Saturday, April 26, 2014

Melisande (1901)

Melisande. E. Nesbit. Illustrated by P.J. Lynch. 1901/1988/1999. Candlewick. 48 pages. [Source: Book I Bought]

When the Princess Melisande was born, her mother, the Queen, wished to have a christening party, but the King put his foot down and said he would not have it. 
"I've seen too much trouble come of christening parties," said he. "However carefully you keep your visiting book, some fairy or other is sure to get let out, and you know what that leads to. Why, even in my own family the most shocking things have occurred. The Fairy Malevola was not asked to my great-grandmother's christening, and you know all about the spindle and the hundred years' sleep."
"Perhaps you're right," said the Queen. "My own cousin by marriage forgot a stuffy old fairy when she sent out the cards for her daughter's christening, and the old wretch turned up at the last moment. The girl drops toads out of her mouth to this day."

 Don't you just love stories that start out like this?! I know I do! E. Nesbit's Melisande is practically perfect in every way. It's pure delight through and through. The premise is simple: a king and queen are so sure that a christening party is a bad idea that they decide to skip it all together. But in their eagerness to escape everything-you'd-expect, they didn't take into account every possible scenario. Seven hundred not-so-happy fairies turn up! All thinking that there had been a christening without them! Malevola is the loudest and boldest. She declares that the new princess will be bald. The king shows his cleverness and the remaining fairies are dismissed; he asserts, only ever ONE fairy is forgotten and since that ONE fairy has already given her ill-wishing gift, the others can all go back home.The King lessens his wife's sorrow, to a certain extent, by promising to give Melisande, his daughter, a wish he never used himself. (His fairy godmother gave him a wish for his wedding.) He wants to WAIT until Melisande is all grown up and can decide her own wish.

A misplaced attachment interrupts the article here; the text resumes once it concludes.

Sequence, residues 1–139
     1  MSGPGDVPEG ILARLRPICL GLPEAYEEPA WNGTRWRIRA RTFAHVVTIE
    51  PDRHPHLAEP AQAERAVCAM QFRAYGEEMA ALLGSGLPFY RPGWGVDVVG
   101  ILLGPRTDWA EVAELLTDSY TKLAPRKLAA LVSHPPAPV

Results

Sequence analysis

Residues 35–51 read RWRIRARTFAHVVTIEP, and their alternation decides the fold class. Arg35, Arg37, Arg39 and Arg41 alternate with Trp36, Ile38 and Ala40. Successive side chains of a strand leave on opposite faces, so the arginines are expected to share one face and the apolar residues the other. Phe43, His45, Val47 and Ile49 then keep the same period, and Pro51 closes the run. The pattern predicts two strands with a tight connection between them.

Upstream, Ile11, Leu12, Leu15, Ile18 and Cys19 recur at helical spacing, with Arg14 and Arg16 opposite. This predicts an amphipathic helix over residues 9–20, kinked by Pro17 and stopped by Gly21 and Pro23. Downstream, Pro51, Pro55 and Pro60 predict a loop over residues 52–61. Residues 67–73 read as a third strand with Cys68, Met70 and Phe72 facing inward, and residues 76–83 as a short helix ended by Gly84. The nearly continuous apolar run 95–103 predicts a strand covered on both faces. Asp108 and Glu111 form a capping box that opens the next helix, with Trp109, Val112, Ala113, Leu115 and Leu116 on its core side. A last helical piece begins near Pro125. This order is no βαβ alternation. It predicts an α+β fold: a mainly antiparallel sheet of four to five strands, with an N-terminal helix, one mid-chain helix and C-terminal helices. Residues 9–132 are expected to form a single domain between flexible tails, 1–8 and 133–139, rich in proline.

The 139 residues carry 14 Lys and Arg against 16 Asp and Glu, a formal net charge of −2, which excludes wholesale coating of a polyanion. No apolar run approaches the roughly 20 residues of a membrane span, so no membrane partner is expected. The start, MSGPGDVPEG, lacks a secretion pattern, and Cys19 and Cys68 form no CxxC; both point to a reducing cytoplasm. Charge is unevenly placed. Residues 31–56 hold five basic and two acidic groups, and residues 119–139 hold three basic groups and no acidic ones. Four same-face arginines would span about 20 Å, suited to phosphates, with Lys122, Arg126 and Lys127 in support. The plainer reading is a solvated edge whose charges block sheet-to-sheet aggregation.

The Queen strongly influences Melisande's wish when the time comes. Melisande's wish has consequences!
I wish I had golden hair a yard long, and that it would grow an inch every day, and grow twice as fast every time it was cut...
Poor Melisande! Within a few weeks, she has realized how HORRIBLE and TERRIBLE this wish of hers was.
When it was three yards long, the Princess could not bear it any longer, it was so heavy and so hot, so she borrowed Nurse's scissors and cut it all off, and then for a few hours she was comfortable. But the hair went on growing, and now it grew twice as fast as before so that in thirty-six days it was as long as ever. The poor Princess cried with tiredness, and when she couldn't bear it any more she cut her hair and was comfortable for a very little time. The hair now grew four times as fast as at first, and in eighteen days it was as long as before, and she had to have it cut. Then it grew eight inches a day, and the next time it was cut it grew sixteen inches a day, and then thirty-two inches and sixty-four inches and a hundred and twenty eight inches a day and son, growing twice as fast after each cutting.
Soon Melisande and her parents are desperate for help! Is there a way to stop the madness?! Will she ever be happy again?!

I definitely recommend getting an illustrated edition of Melisande. The illustrations by P.J. Lynch are WONDERFUL.

© 2014 Becky Laney of Becky's Book Reviews


Cheryl @ Tales of the Marvelous said...

I love all the fun ways wishes go wrong in this story! Nesbit was so good at poking fun at the fairy tale tropes (long before that was such a common thing too!)

Lynn said...

What a great story - I have to know how it finishes now!
And, lovely cover :D